Sadly, we have seen this story over and over again. A car owner is out “shopping around” for automobile insurance and gets quotes from different companies. The insurance agent wants to make a sale so he offers “stripped down” coverage in order to offer a very low premium. The price sounds great to the car owner, so they purchase the “stripped down” insurance. Not long afterwards, the person is in a serious car accident and they discover that their insurance coverage is not very good.

Here are the two main trouble spots to avoid and why you do not want to skimp on the purchase of automobile insurance. First, it is a little bit cheaper to purchase what is called “limited tort” coverage as opposed to “full tort” coverage. However, the small savings is not worth what you give up. When you purchase “limited tort” coverage, you have “limited rights” if you are in an automobile accident, even if it was not your fault. Limited tort customers can only file a claim against the at-fault driver if they suffer a “serious” injury. The insurance company will give you quite a hassle over whether your injury is “serious” and will often refuse to pay anything even though they admit that their driver caused the accident. To avoid this problem, make sure you purchase “full tort” coverage. That way you will have “full rights” and will always be able to file a claim against the other driver if they were at fault for the accident and you suffer any injuries at all.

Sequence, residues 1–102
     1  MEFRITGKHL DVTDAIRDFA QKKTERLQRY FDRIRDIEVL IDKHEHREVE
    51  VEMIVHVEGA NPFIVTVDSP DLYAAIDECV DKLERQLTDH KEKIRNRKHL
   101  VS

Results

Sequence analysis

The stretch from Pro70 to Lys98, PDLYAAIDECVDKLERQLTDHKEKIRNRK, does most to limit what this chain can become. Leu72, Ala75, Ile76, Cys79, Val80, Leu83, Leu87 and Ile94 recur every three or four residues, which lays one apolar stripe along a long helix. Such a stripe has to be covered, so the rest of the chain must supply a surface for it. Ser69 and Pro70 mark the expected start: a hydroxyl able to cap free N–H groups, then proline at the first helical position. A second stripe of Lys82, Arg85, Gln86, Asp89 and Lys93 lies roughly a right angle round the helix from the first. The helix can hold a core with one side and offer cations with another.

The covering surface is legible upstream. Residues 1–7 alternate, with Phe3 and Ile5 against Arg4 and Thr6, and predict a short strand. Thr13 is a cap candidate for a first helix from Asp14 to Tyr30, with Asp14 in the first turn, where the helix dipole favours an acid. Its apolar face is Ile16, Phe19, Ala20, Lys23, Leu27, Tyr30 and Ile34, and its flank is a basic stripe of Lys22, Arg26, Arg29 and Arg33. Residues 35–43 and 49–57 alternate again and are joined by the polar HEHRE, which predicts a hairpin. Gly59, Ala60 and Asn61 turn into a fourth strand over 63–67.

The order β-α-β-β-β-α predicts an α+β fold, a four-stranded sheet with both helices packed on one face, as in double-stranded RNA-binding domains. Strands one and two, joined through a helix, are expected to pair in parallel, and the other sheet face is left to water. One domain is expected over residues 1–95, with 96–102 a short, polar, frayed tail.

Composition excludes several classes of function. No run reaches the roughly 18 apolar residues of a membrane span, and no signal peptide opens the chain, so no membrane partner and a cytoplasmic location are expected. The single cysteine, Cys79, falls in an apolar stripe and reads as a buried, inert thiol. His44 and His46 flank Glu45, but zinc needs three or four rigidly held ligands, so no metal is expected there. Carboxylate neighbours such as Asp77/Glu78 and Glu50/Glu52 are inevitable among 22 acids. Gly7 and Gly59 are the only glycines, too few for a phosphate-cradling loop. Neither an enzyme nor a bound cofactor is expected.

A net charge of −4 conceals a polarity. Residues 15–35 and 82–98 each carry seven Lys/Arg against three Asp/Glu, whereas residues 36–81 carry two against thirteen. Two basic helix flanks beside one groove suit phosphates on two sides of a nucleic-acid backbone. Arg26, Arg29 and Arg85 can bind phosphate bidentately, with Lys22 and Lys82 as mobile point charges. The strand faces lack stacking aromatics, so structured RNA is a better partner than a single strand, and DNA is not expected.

Here is the second pitfall to avoid. Make sure that you buy enough “under insurance.” Under insurance protects you in case you get hit by someone who has very little insurance. Here is an example. You or a loved one are struck by a drunk driver who causes a death or serious life-long injuries. You have thousands of dollars in medical bills, many surgeries and will never be able to return to work. Unfortunately, the other driver only has $15,000 of liability coverage, the state minimum. Fifteen thousand dollars does not even put a small dent in all of the harm and losses you have suffered. In those situations, you are entitled to collect money from your own “under insurance” coverage that you purchased. As mentioned before, under insurance protects you in the even that you are hurt by someone who is “under insured,” i.e., not carrying nearly enough insurance to cover for serious injury or death.

It is always in your best interest to carry as much under insurance as you are legally permitted to purchase. You are only required to have $15,000 of under insurance, but we always advise people to purchase at least $300,000 of under-insured coverage. It does not cost that much more, and it provides great protection in the event that you or a loved one are hurt by someone who does not have a lot of insurance.

Again, the lesson is simple: Don’t skimp on your insurance!